Quit Your Costly Habits & Invest Your Proceeds – DFA Tip of the Week – 5/4/2009

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There are many ways to reduce costs in our every day lives, so to help do just that each Monday I will post a money saving “Tip of the Week”.

“And he said unto him, Well, thou good servant: because thou hast been faithful in a very little, have thou authority over ten cities.” Luke 19:17

This weeks tip involves…quitting a costly habit to save money!

**Update** – This post was featured in the Money Hacks Carnival #64 – As American As Apple Pie!

For the purposes of this article we are defining a costly habit as any unnecessary or noncritical product, service, or practice that consumes your money on a regular basis.

What costly habits do you have?  Have you ever compiled a list of habits that cost you more than you want to pay?  Today I challenge you to make that list, kick those habits, and invest your proceeds!  I’ll get you started by listing a few expensive habits.

  • Tobacco – We’ll start with the obvious…quitting smoking can save a pack a day smoker between $150 and $200 a month, not to mention can save them a few years of life.
  • Caffeine – I won’t harp on coffee, I think that has been done enough, but if you quit drinking caffeine laden drinks altogether you will save money & most likely improve your health.
  • Eating Out – If you frequently dine outside the home then you have one of the most expensive habits around!  How do I know?  Before January 2009, my wife & I ate out an average of 3-5 times/week which cost us between $5,000 & $6,000 per year!  If you do not want to stop eating out altogether, then you can still cut costs by using my Frugal Guide to Eating Out.
  • Alcohol – Again, I always hear everyone harping on Starbucks and saving money by not getting a daily coffee…but how about quitting alcohol?  Alcohol is much more expensive than coffee and is one of those things that can be easily removed from your budget.  Stopping alcohol doesn’t mean you have to stop being social, just drink water!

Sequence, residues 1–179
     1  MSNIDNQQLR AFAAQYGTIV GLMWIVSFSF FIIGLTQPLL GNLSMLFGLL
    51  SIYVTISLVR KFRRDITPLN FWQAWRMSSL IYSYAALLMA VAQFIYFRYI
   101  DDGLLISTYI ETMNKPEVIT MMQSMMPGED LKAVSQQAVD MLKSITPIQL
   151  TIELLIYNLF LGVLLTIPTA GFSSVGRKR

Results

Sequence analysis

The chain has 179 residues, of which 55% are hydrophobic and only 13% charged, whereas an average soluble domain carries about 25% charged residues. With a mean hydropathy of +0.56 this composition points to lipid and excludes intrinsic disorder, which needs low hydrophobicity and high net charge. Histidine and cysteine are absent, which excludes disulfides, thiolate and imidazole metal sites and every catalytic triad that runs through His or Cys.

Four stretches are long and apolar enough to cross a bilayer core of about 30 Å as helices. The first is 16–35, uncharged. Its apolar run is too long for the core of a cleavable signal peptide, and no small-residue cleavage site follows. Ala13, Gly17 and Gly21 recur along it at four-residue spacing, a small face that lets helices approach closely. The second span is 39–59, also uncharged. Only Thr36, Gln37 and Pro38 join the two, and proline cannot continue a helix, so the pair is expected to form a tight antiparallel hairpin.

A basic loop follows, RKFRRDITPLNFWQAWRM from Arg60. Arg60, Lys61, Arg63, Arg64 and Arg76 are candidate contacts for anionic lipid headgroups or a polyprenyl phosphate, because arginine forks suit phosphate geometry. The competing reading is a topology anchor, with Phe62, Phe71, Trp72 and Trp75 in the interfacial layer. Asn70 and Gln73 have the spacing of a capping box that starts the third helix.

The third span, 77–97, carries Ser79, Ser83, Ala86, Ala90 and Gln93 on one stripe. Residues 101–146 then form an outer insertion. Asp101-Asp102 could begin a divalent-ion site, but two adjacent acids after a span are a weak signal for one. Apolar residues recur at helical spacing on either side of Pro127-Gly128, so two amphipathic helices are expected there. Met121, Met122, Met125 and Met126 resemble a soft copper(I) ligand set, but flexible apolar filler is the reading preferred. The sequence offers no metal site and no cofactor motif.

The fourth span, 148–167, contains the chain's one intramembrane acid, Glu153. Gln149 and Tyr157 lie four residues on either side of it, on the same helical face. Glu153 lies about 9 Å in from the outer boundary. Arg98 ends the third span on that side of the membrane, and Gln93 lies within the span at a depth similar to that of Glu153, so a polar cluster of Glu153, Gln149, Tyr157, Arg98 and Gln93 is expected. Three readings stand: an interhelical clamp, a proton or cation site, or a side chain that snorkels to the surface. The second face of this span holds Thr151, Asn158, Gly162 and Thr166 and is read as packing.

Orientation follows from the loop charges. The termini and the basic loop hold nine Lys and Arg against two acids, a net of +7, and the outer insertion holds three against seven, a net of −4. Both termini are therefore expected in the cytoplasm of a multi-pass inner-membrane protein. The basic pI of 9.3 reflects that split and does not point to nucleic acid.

• Television – Yeah it may sound “extreme” and/or “unthinkable” to get rid of your TV, but just keep in mind that before 1954 pretty much nobody had a TV!  That fact helps put things in perspective.  If you cancel your television service and sell your plasma or LCD set…you stand to make & save some serious cash!
  • Shopping – Just wear what you already have!  Isn’t it high time for us to value things that matter and rid our lives of the vanity of fashion?  I think so.

Here are a few costly habits some of my Twitter friends suggested we could quit to save money:

  • Driving like Mario Andretti@ChristianPF suggested we save money by driving more conservatively.  A few pointers that come to mind include driving the speed limit and accelerating at a non-NASCAR pace. Bob also suggested to stop going out to eat on a daily basis.  (check out Bob’s website – ChristianPF.com)
    • Faster driving = more gas = more money.  Every 5 mph over 60 costs an additional $.10 cents per gallon.
    • Eliminating aggressive starts and stops can lower your gas mileage by between 20% – 50%!
  • Golf & Beer@SuburbanDollar advises to cut golf and, as I advised above, beer.  Since we’ve already touched on quitting alcohol consumption, let’s take a closer look at golf.  If we say the average golfer hits the lynx once/week at a cost of $20 each time, we see that eliminating golf (I can’t believe I just said that…I love golf…ah the things we’ll do to save money!) can save the average golfer around $80 or $100 every month!  If you do not want to stop playing golf altogether then consider cutting your frequency in half.  (check out Kyle’s website – SuburbanDollar.com)

Now grab your list and calculate out how much you spend on your habits every month and formulate a plan to take that amount and invest it in an interest bearing savings account (I recommend Capital One 360) or start a Roth IRA.

What are some other habits (not necessarily “bad habits”) that we could eliminate to save money?

Click here to see all our past DFA Tips of the Week.

DFA is passionately dedicated to helping others break the bondage of debt using biblical principles.

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